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The Natural Mineral Water, Spring Water and Bottled Drinking Water (Wales) Regulations 2007

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Regulations 4(1)(a) and (d)(i), (2)(a) and (c), (8) and (9) and 16(1)(a)(iii)

SCHEDULE 3Recognition of natural mineral waters

PART 1Natural mineral waters extracted from the ground in Wales

1.  A person seeking to have water which is extracted from the ground in Wales recognised as a natural mineral water for the purposes of Article 1 must make an application in writing to the relevant authority within whose area the water is extracted, giving the particulars set out in paragraph 2.

2.  The particulars are—

(a)those specified in paragraph 1 of Part 3;

(b)any other information showing that the matters specified in paragraphs 2 and 3 of Part 3 are established; and

(c)such evidence as is satisfactory to show that the water contains no substance listed in Schedule 6 at a level which exceeds the maximum limit specified in relation to that substance in that Schedule.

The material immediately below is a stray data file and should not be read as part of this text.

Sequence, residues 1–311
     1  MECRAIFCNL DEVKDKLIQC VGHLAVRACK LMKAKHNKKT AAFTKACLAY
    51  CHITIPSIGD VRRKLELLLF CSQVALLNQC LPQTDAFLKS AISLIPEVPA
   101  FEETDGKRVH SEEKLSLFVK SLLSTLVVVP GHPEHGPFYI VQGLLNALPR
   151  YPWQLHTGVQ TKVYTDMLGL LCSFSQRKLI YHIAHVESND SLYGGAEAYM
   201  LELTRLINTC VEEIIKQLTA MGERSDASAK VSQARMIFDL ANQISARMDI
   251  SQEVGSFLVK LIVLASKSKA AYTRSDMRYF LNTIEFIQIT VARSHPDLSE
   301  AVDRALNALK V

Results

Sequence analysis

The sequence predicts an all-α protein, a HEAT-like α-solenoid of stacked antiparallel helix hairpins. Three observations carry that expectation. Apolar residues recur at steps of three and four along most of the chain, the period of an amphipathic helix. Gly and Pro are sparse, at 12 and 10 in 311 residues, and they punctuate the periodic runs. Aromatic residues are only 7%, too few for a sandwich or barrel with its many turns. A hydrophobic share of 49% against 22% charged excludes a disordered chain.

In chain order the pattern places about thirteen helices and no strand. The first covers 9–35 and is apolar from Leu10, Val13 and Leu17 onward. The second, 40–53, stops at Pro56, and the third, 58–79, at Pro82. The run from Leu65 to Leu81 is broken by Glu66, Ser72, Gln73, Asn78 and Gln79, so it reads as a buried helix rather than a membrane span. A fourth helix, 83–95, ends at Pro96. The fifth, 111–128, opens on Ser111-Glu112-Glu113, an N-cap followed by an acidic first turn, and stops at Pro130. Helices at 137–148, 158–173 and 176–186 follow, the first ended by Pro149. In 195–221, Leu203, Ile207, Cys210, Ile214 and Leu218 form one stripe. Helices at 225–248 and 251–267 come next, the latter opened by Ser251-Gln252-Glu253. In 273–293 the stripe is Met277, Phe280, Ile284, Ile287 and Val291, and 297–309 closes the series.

3.  In so far as particulars of any of the anions, cations, non-ionised compounds or trace elements specified in column 1 of Schedule 5 are required to be given pursuant to sub-paragraph (b) of paragraph 2, the concentration of each such anion, cation, non-ionised compound or trace element must be expressed in those particulars in the unit of measurement specified opposite to it in column 2 of that Schedule.

4.  Where such particulars have been so given, the relevant authority must assess them and recognise the water to which those particulars relate as natural mineral water if it is satisfied that—

(a)the water is natural mineral water which complies with paragraph 3 of Section I of Annex I; and

(b)the characteristics of the water have been assessed in accordance with —

(i)the points numbered 1 to 4 set out in paragraph 2(a) of Section I of Annex I,

(ii)the requirements and criteria listed in Part 3 of this Schedule, and

(iii)recognised scientific methods.

5.  The relevant authority must, on recognising a natural mineral water in accordance with paragraph 4, publish an announcement of such recognition and the grounds on which it has been granted in the London Gazette.

PART 2Natural mineral waters extracted from the ground in a country other than an EEA State